Behind the scenes of campaigning for Homecoming Queen


CW / Joe Will Field

Sara Lang | @saralangcw, Contributing Writer

UA Homecoming Queen campaigns came to a close this Tuesday, Oct. 22, when elections took place. For some, this meant the end of a stressful month. Ansley Weaver, a junior majoring in communicative disorders, decided to run for Homecoming Queen this year. She had contemplated running before and ended up taking action this fall. 

“I had a friend a few years back, and it kind of inspired me to run for fun,” Weaver said. 

She asked her roommate, junior Terry Mantooth, to help her with her campaign since Mantooth is an advertising major. 

“She asked me, ‘Hey, you’re in advertising, would you like to do this?’ and I said, ‘Why not?,’” Mantooth said. 

She mostly aided Weaver with designing campaign posts and the logo, as well as editing her public statements. 

“I didn’t want to take too much control over what she was doing because I didn’t know exactly everything that was going on, and she was the one running,” Mantooth said. 

Their slogan was “Leave it to Weaver,” which is a play on words based on the sitcom “Leave it to Beaver.” Weaver’s philanthropy was for the Anxiety and Depression Association of America, or ADAA. 

 “I wanted to bring awareness to certain topics like my philanthropy ADAA about the importance of mental health and also wanted to be a positive impact on campus,” Weaver said. 

They raised over $200 for the cause. 

“[Weaver] struggled with anxiety and depression, so it was cool that we raised the money for that,” Mantooth said. 

The campaigning process was simple besides all of the rules imposed. This year for the first time, candidates were not allowed to advertise in GroupMe.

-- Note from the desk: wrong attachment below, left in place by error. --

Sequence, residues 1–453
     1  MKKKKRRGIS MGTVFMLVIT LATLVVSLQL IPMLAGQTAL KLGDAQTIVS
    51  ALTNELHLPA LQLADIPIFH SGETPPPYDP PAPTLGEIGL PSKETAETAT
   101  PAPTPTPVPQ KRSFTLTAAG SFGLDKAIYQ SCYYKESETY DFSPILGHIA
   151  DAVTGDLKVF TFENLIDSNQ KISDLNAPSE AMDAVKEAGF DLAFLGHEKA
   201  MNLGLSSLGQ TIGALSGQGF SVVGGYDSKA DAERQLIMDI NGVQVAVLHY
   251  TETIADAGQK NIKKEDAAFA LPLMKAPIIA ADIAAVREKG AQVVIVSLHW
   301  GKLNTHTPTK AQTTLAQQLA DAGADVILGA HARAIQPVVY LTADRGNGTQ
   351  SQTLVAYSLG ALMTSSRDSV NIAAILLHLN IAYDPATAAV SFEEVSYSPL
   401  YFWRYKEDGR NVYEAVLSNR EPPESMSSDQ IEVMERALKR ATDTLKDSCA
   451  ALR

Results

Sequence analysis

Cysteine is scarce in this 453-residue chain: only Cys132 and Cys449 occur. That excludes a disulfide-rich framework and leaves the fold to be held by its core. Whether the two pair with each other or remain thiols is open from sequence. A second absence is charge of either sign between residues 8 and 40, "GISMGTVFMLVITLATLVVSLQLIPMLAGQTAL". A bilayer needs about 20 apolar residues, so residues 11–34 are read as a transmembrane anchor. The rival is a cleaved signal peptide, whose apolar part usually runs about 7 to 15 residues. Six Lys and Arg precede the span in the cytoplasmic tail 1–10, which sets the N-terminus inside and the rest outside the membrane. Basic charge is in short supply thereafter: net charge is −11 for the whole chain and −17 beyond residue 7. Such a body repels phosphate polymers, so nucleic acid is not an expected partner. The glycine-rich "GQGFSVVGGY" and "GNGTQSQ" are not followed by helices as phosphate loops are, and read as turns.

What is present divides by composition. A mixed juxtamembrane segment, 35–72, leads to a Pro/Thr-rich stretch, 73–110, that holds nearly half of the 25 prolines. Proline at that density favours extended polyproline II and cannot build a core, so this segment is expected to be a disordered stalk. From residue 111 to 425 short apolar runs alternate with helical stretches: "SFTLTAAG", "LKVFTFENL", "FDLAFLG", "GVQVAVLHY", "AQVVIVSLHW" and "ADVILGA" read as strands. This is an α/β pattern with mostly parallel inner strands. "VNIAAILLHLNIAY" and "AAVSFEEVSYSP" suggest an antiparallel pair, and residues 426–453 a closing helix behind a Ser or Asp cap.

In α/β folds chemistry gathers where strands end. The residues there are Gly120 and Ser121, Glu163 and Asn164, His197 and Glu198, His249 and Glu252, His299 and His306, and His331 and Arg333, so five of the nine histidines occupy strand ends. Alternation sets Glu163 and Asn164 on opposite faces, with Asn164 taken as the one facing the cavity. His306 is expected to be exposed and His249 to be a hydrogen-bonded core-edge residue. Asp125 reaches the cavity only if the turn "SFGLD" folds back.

“It was annoying because I have GroupMes with my friends that have nothing to do with UA, but they’re my friends from UA and I couldn’t even put something in that without it being at risk of being a violation,” Mantooth said. 

They received an email on election day that reported there had been violations made. Even if someone unrelated to the campaign advertised in GroupMe, the candidates would get in trouble. They couldn’t advertise in any academic settings, including buildings. The rules may have swayed potential candidates from running. 

“It was really cool that out of around 35,000 people, there were only six girls that ran,” Mantooth said. “That was really interesting to me. I thought for sure more girls would have run.”

Weaver was surprised as well that there were so few candidates. They focused on their campaign instead of thinking about the campaign as a difficult competition, which helped to ease the stress. 

“We were definitely impressed at how hard they were working on their campaigns,” Mantooth said. “They had all these ideas like food truck partnerships that we hadn’t even thought of. I guess it could be intimidating but I wasn’t too worried about it.”

Tiffany Zahn, a sophomore majoring in international studies, was surprised at the amount of exposure for candidates this year compared to the last. 

“I thought it was really subtle this year,” Zahn said. “I didn’t see a lot of the candidates on Instagram, really only on the day of voting.”

Those involved with the Greek system especially advertise for their preferred candidates. 

“I only really heard from two candidates, and I expected more exposure for the Homecoming candidates because of last year’s intense campaign,” Zahn said. 

Weaver said that the process to run for Homecoming Queen was difficult, but not if you truly wanted to commit to it. 

“It’s definitely a good experience that I think more girls should try to do to get out of your comfort zone,” Weaver said. 

The UA homecoming queen will be announced at the bonfire this Friday night.